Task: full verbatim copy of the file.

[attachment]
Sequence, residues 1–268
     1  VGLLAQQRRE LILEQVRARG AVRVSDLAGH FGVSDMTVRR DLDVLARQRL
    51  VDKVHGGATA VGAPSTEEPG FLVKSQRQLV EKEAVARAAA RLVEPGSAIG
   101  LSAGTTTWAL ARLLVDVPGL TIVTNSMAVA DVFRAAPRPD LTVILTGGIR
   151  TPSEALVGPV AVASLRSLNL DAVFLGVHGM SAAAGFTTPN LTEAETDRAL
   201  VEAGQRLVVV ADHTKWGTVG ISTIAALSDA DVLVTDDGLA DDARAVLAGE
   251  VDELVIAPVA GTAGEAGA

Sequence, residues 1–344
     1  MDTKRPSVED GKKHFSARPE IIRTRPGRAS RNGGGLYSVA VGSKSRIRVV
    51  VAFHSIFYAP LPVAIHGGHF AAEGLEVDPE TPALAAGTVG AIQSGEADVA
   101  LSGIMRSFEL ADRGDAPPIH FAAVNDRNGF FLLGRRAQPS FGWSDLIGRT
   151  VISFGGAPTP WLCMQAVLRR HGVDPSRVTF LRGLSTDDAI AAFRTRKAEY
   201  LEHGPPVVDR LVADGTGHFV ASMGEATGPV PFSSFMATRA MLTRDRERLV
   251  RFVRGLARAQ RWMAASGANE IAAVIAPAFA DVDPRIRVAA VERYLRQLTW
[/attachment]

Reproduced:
Sequence, residues 1–268
     1  VGLLAQQRRE LILEQVRARG AVRVSDLAGH FGVSDMTVRR DLDVLARQRL
    51  VDKVHGGATA VGAPSTEEPG FLVKSQRQLV EKEAVARAAA RLVEPGSAIG
   101  LSAGTTTWAL ARLLVDVPGL TIVTNSMAVA DVFRAAPRPD LTVILTGGIR
   151  TPSEALVGPV AVASLRSLNL DAVFLGVHGM SAAAGFTTPN LTEAETDRAL
   201  VEAGQRLVVV ADHTKWGTVG ISTIAALSDA DVLVTDDGLA DDARAVLAGE
   251  VDELVIAPVA GTAGEAGA

Sequence, residues 1–344
     1  MDTKRPSVED GKKHFSARPE IIRTRPGRAS RNGGGLYSVA VGSKSRIRVV
    51  VAFHSIFYAP LPVAIHGGHF AAEGLEVDPE TPALAAGTVG AIQSGEADVA
   101  LSGIMRSFEL ADRGDAPPIH FAAVNDRNGF FLLGRRAQPS FGWSDLIGRT
   151  VISFGGAPTP WLCMQAVLRR HGVDPSRVTF LRGLSTDDAI AAFRTRKAEY
   201  LEHGPPVVDR LVADGTGHFV ASMGEATGPV PFSSFMATRA MLTRDRERLV
   251  RFVRGLARAQ RWMAASGANE IAAVIAPAFA DVDPRIRVAA VERYLRQLTW